Mary has been attending weekly classes at Putney School of Art for several years in drawing and painting, etching and printmaking. She paints mainly in oils, and likes to develop some images further into an etching. In other cases, she is inspired to create an etching directly.
Mary is very interested in how people connect with each other and with nature, for example, enjoying the autumn winds on Pewley Down, or playing together on the beach with the waves. In her etchings of a sunset, and a summer’s day by a pond, she aims to show how the interplay of light and dark resonates with us when experiencing beauty in nature. Her work can sometimes take on a dreamlike quality, as in the photo-etching, ‘Dreaming of Flying’.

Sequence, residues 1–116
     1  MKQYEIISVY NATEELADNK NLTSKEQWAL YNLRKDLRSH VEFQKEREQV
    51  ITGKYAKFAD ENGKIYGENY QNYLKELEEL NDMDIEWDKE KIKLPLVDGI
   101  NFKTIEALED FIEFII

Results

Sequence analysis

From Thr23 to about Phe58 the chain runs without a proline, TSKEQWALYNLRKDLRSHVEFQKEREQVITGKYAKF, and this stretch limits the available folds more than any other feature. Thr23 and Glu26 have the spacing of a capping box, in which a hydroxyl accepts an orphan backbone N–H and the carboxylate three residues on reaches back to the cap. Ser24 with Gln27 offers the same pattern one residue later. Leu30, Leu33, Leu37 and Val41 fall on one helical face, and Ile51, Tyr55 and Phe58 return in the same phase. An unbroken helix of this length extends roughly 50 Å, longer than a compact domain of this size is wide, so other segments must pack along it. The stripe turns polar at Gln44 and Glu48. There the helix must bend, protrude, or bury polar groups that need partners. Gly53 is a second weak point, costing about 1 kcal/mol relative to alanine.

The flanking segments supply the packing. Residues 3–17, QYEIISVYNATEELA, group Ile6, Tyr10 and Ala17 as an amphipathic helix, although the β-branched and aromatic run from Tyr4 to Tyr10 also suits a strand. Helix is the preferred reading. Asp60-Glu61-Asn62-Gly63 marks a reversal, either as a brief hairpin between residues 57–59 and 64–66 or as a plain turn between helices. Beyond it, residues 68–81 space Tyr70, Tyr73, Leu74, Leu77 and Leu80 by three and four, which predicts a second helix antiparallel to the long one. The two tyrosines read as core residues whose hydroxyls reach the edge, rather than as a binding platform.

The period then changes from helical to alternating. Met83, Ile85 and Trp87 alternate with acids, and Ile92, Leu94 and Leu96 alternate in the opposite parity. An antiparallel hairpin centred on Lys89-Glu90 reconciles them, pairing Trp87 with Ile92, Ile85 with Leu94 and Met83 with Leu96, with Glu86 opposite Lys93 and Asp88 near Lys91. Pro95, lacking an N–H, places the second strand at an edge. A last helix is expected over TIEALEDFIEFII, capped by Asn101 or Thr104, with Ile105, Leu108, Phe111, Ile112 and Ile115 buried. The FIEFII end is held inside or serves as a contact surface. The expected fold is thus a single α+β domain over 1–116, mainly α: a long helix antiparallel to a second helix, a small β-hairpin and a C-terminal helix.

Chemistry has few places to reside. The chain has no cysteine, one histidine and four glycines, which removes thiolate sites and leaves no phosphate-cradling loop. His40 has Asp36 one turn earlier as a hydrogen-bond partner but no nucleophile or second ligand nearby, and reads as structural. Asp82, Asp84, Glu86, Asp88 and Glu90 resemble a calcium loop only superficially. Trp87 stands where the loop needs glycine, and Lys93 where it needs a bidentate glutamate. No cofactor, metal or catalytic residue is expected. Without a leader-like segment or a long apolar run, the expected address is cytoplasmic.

In ‘Kite Fever at Pewley Down’ Mary explores changing the tonality in the image to give a sense of excitement, and to allow the colours to breathe in new ways.
‘Song of a Skylark’, is a response to the poem, ‘To a Skylark’, by Percy Bysshe Shelley. Mary uses the technique of impasto painting to convey the emotional intensity of the poem. The first four stanzas give a graphic description of what it is like to hear a skylark singing, and the mystery of hearing this beautiful sound when the bird is often hidden from view.
Excerpt from “To a Skylark” by Perce Bysshe Shelley
“Hail to thee, blithe Spirit!
Bird thou never wert,
That from Heaven, or near it
Pourest thy full heart
In profuse strains of unpremeditated art.
Higher still and higher
From the earth thou springest
Like a cloud of fire:
The deep blue thou wingest,
And singest still dost soar, and soaring ever singest.
In the golden lightning
Of the sunken sun,
O’er which clouds are bright’ning,
Thou dost float and run;
Like an unbodied joy whose race has just began.
The pale purple even
Melts around thy flight;
Like a star of Heaven,
In the broad day-light
Thou art unseen, but yet I hear thy shrill delight…”